Cedomir Jovanovic received for violating the media law in
Yugoslavia (see "RFE/RL Newsline," 27 October 1999),
according to a Beta report monitored by the BBC. Jovanovic is
the editor of the opposition Alliance for Change's
publication "Promene." In a statement to the press, Team 29
pledged to "continue to assist in the struggle for a
democratic Serbia by the means which the regime of Slobodan
Milosevic allows." The Alliance for Change told Beta it is
not familiar with the new organization. VG

STUDIO-B SIGNS AGREEMENT WITH BANJA LUKA STATION. Belgrade's
independent Studio-B radio and television station has signed
an agreement with independent Banja Luka Radio-TV to share
news and cultural broadcasts, Studio-B reported on 4
November. Meanwhile, Studio-B director Dragan Kojadinovic
said some of his station's programs are still being jammed in
Serbia. VG

U.S. ASKS ISRAEL TO STOP BROADCASTING SERBIAN TV. The Israeli
Spacecom company, which operates the Amos-1 satellite, has
stopped allowing Serbian state television (RTS) to use its
satellite for broadcasting. That move comes after the U.S.
complained to Israel about the practice, AP reported. U.S.
Secretary of State Albright had asked Israeli Prime Minister
Ehud Barak at the recent Oslo summit to stop letting RTS use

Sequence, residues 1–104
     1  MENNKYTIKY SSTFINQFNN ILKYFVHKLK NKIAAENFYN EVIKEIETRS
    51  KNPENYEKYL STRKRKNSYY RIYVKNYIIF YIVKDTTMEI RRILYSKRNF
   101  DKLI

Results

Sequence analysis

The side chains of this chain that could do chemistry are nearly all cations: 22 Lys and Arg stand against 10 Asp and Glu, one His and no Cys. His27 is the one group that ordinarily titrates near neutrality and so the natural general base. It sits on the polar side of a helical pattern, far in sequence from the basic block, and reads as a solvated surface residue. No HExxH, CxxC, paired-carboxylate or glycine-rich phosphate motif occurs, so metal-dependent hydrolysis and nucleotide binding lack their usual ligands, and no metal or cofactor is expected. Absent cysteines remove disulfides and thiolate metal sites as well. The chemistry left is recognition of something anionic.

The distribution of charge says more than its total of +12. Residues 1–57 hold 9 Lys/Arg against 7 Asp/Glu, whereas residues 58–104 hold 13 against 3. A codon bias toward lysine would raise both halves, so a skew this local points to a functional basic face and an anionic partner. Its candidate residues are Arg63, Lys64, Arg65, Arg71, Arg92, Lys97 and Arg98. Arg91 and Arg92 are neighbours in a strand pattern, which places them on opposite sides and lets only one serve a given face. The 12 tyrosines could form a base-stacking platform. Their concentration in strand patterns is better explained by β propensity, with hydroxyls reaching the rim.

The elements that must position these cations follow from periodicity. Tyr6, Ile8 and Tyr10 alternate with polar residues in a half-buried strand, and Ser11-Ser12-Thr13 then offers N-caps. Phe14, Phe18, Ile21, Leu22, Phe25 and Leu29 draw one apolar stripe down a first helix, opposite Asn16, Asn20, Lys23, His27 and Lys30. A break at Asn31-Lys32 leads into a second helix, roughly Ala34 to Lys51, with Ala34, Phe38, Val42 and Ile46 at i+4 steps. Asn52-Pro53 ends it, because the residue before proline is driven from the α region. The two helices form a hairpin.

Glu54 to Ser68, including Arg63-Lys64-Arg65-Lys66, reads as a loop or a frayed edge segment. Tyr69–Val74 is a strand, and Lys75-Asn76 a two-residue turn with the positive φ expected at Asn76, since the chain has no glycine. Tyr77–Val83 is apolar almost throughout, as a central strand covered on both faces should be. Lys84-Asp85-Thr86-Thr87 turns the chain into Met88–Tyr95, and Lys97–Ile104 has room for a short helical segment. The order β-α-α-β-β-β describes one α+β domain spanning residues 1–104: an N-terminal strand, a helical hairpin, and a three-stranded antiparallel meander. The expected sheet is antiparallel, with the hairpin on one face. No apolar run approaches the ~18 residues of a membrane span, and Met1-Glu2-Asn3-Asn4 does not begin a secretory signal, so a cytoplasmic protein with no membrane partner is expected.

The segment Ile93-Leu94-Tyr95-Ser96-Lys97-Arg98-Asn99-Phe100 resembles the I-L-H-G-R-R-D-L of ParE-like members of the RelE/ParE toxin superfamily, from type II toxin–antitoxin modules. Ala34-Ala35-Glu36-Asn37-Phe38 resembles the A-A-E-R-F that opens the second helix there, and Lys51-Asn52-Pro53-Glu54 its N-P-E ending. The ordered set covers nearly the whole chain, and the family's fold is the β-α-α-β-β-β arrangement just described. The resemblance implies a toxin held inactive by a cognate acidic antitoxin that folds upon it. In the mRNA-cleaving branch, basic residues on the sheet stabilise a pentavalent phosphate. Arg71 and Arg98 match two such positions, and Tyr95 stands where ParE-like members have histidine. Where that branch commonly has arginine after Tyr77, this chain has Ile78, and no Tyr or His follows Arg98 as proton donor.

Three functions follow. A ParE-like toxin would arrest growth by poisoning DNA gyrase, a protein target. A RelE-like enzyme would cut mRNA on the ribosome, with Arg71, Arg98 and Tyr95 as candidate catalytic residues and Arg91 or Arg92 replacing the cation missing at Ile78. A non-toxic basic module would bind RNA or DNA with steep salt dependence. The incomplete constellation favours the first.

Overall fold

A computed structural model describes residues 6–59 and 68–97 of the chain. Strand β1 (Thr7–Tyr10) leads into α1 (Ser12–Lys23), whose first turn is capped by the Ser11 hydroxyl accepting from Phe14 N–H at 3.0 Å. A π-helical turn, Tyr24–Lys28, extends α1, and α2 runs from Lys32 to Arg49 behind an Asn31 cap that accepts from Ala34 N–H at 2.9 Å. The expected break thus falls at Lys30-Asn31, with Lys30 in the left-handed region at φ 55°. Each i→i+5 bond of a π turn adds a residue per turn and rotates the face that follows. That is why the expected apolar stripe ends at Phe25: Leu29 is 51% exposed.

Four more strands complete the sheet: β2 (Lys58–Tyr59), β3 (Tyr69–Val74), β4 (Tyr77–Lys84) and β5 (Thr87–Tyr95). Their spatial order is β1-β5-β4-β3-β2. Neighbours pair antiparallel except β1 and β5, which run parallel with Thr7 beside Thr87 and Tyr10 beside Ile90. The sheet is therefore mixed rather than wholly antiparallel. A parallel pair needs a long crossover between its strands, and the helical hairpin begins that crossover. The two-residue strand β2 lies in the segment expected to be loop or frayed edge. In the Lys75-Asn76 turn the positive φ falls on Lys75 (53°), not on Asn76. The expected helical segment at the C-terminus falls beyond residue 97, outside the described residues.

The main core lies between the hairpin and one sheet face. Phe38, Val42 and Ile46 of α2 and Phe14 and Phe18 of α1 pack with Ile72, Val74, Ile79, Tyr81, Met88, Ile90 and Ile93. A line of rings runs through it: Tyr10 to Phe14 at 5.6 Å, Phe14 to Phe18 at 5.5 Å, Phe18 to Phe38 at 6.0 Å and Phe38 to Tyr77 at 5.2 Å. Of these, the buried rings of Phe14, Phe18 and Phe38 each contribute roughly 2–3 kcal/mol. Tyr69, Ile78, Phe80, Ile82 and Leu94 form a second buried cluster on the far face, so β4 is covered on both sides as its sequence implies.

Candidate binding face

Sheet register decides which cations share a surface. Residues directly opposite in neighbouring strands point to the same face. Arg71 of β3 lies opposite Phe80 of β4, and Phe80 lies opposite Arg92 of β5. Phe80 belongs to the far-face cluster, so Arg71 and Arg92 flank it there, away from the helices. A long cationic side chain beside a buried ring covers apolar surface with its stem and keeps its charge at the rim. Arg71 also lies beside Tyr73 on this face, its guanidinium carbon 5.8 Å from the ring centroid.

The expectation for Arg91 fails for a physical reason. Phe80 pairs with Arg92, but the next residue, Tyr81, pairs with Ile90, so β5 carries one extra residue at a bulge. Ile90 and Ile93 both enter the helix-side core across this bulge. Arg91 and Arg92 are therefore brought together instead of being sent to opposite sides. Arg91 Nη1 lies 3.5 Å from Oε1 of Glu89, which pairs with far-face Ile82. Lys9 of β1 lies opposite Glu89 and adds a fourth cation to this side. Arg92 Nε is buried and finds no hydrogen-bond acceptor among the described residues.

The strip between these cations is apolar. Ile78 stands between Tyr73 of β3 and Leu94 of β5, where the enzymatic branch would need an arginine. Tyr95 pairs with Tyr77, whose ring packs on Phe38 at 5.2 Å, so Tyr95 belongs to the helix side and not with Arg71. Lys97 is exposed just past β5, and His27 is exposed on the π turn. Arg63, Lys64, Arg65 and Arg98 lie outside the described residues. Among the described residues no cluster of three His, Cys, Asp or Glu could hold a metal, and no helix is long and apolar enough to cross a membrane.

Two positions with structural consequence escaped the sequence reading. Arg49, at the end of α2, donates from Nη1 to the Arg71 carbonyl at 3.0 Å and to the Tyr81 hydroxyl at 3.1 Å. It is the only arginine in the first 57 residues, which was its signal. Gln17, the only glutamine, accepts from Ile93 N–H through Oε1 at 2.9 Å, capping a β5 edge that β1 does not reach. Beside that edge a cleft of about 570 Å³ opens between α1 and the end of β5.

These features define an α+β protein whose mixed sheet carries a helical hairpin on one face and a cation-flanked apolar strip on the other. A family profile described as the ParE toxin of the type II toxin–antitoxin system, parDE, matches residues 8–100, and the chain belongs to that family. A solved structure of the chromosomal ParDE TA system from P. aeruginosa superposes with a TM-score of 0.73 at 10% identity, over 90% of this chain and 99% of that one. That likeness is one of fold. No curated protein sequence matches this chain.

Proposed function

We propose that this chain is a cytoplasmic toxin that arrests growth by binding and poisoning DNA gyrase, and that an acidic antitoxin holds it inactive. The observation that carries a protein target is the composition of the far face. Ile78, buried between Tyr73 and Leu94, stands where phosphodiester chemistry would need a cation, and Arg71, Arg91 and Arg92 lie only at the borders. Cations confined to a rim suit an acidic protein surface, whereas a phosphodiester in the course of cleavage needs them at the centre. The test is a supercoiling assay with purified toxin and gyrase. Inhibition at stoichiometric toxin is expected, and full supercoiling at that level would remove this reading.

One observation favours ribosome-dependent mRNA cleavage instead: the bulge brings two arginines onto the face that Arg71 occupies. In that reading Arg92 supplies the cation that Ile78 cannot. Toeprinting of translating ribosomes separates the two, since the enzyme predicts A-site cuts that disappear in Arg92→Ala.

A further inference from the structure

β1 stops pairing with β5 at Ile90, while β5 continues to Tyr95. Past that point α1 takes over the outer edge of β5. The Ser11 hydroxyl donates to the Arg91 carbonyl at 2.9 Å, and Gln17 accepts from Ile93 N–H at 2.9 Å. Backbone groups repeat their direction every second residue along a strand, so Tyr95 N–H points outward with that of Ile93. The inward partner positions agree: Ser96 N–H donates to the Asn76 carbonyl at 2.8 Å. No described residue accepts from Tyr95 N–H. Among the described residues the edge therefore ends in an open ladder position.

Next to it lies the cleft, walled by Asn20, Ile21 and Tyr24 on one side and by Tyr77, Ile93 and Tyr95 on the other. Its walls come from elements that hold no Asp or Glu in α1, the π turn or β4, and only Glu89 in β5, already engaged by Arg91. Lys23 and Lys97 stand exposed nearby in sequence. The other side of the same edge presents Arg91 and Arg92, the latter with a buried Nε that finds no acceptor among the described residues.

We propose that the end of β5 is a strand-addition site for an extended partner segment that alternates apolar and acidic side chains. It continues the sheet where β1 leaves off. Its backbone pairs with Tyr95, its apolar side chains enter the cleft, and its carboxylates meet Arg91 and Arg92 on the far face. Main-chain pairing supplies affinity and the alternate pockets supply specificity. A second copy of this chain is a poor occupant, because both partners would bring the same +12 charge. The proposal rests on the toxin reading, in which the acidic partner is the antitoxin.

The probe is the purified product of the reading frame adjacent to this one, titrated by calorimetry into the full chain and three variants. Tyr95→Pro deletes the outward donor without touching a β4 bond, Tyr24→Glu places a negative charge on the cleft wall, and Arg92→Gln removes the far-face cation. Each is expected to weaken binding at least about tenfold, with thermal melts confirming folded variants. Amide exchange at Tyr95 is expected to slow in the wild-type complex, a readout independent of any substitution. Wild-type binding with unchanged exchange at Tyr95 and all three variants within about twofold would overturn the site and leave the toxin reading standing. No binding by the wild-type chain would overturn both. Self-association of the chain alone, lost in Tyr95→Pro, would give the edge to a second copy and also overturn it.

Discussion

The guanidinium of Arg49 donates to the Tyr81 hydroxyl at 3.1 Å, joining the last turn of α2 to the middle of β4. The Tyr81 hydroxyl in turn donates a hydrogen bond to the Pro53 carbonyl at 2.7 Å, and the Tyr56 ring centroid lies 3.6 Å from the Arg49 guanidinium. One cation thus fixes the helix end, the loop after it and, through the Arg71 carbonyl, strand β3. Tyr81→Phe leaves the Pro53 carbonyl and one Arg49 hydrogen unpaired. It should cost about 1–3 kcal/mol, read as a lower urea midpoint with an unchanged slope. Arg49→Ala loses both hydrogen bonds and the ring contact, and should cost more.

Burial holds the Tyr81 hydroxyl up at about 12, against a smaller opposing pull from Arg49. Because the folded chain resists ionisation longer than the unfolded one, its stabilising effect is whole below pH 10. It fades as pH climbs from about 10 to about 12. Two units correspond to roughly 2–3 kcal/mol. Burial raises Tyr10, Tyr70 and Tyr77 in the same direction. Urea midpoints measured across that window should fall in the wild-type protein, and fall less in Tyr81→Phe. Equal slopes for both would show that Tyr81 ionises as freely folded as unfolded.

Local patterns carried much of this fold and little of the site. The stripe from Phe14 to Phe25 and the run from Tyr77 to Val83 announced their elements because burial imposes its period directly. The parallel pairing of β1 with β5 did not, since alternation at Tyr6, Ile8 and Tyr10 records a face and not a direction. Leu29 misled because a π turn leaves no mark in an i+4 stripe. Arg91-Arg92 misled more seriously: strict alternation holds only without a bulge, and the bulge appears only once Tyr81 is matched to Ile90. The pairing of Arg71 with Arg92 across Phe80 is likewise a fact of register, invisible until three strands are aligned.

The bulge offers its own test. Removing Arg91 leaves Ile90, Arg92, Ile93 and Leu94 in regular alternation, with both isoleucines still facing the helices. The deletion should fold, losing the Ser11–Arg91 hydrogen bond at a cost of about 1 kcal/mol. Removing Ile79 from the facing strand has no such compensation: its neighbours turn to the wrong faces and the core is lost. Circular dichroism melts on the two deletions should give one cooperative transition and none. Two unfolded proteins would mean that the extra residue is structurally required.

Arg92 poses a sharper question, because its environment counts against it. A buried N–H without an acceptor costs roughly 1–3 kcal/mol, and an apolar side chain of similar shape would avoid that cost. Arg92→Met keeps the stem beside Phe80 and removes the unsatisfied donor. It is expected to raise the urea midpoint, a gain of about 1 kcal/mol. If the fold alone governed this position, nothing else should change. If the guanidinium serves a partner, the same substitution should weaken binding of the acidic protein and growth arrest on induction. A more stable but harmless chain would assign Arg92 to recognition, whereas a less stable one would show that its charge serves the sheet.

the Israeli satellite for broadcasts, the newspaper "Yedioth
Ahronoth" reported. VG

PETRITSCH DISAPPOINTED WITH FAILURE TO SECURE BORDER
AGREEMENT. The international community's high representative
in Bosnia-Herzegovina, Wolfgang Petritsch, on 4 November said
he is disappointed over the failure of the joint presidency
of Bosnia to adopt a draft law on a multiethnic state border
service, Reuters reported. Bosnian Muslim President Alija
Izetbegovic said he supported the proposal but that his
Croatian and Serbian counterparts disagreed on how wide the
border under control of the state service should be. The
proposal called for the border belt to be 30 kilometers wide.
Last week, the head of the UN international police force in
Bosnia, Detlef Buwitt, said Petritsch will impose a law if
Bosnia fails to adopt one by December. VG

THREE PEOPLE SENTENCED IN MOSTAR CAR BOMB ATTACK. A Zenica
court handed down three foreign nationals prison sentences
ranging from five to eight years for their roles in planting
a car bomb that injured almost 50 people in Mostar in 1997,
ONASA reported on 3 November. The three men were also
sentenced to five years' expulsion from Bosnia following
their release. VG

DEL PONTE RAPS CROATIA FOR NOT COOPERATING WITH WAR CRIMES
TRIBUNAL. The chief prosecutor of the Hague-based war crimes
tribunal, Carla del Ponte, said on 4 November in Zagreb that
she is "very disappointed" that Croatia is not cooperating
fully with the tribunal. She was reacting to Croatia's
refusal to hand over documents regarding Zagreb's Flash and
Storm military operations in 1995. Del Ponte threatened to
"report Croatia's noncompliance" with the UN Security Council
unless it starts cooperating. Croatian Justice Minister
Zvonimir Separovic said Croatia believes the tribunal has no